Alexandra Handal works at the intersection of different disciplines, breaking the boundaries between them in search of new creative expressions and narrative possibilities to explore the human condition in lingering times of war and other man-made disasters. Through her practice she attempts to make palpable what is disappearing or has been destroyed, engaging with modern day ruins from conflict zones to areas of urban decay. She uses performance-based strategies to experiment with modes of storytelling and mapping that are non-linear, multi-layered, and cross-genre.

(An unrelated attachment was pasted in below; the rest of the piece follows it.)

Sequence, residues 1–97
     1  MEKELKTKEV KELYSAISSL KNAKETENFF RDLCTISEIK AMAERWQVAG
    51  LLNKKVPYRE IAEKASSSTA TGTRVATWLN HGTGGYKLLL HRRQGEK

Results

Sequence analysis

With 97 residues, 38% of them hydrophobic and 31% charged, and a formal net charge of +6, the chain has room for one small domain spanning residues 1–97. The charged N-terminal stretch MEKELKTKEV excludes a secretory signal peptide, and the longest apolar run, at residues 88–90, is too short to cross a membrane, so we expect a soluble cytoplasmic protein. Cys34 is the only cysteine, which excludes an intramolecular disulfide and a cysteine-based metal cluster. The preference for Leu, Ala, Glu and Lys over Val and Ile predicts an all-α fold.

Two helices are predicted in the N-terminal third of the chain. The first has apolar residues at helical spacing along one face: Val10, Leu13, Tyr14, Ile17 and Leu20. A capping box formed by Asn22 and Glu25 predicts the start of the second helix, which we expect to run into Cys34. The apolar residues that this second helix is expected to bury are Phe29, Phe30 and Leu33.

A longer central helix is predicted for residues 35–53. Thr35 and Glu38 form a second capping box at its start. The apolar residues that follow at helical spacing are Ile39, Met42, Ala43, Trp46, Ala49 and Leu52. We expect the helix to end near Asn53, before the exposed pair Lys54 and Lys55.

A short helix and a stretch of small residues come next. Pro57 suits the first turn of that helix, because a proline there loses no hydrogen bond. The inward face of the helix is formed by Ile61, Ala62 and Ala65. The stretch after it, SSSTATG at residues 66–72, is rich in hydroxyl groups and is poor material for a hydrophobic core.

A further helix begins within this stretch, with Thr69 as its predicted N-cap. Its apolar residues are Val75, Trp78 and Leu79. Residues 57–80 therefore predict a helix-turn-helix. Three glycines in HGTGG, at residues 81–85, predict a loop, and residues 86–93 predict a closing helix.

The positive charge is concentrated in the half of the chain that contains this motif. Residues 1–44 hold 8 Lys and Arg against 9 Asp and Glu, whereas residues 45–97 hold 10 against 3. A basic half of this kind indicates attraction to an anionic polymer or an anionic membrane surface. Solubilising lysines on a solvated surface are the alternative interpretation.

Handal uncovers the real and imagined geographies of exiles, refugees and those seen as ‘outsiders’. Through historical research and urban fieldwork, she excavates what has been hidden, erased, omitted and forgotten. Handal combines personal experience, research and imagination to redress absence - blurring the line between written and oral history, fact and fiction, subjectivity and objectivity, past and present. She thereby challenges conventional notions of place and disrupts national narratives. Handal’s personal history is marked by intergenerational movements across disparate geographies-namely Bethlehem, Port-au-Prince, NYC, Santo Domingo, London, Jerusalem, Amsterdam, Berlin - all of which link historically to Palestine. It is precisely the new connections that are formed by disciplinary and geographical crossings that shape her